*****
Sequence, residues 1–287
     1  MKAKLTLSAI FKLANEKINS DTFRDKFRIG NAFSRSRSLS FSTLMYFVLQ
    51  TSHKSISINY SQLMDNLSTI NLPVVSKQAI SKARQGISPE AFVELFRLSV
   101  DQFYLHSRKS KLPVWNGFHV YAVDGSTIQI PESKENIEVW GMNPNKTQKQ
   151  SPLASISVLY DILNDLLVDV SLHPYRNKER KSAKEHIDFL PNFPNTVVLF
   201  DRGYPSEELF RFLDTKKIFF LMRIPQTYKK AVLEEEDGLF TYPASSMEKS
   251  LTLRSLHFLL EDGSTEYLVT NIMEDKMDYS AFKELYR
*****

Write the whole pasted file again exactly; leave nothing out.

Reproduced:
Sequence, residues 1–287
     1  MKAKLTLSAI FKLANEKINS DTFRDKFRIG NAFSRSRSLS FSTLMYFVLQ
    51  TSHKSISINY SQLMDNLSTI NLPVVSKQAI SKARQGISPE AFVELFRLSV
   101  DQFYLHSRKS KLPVWNGFHV YAVDGSTIQI PESKENIEVW GMNPNKTQKQ
   151  SPLASISVLY DILNDLLVDV SLHPYRNKER KSAKEHIDFL PNFPNTVVLF
   201  DRGYPSEELF RFLDTKKIFF LMRIPQTYKK AVLEEEDGLF TYPASSMEKS
   251  LTLRSLHFLL EDGSTEYLVT NIMEDKMDYS AFKELYR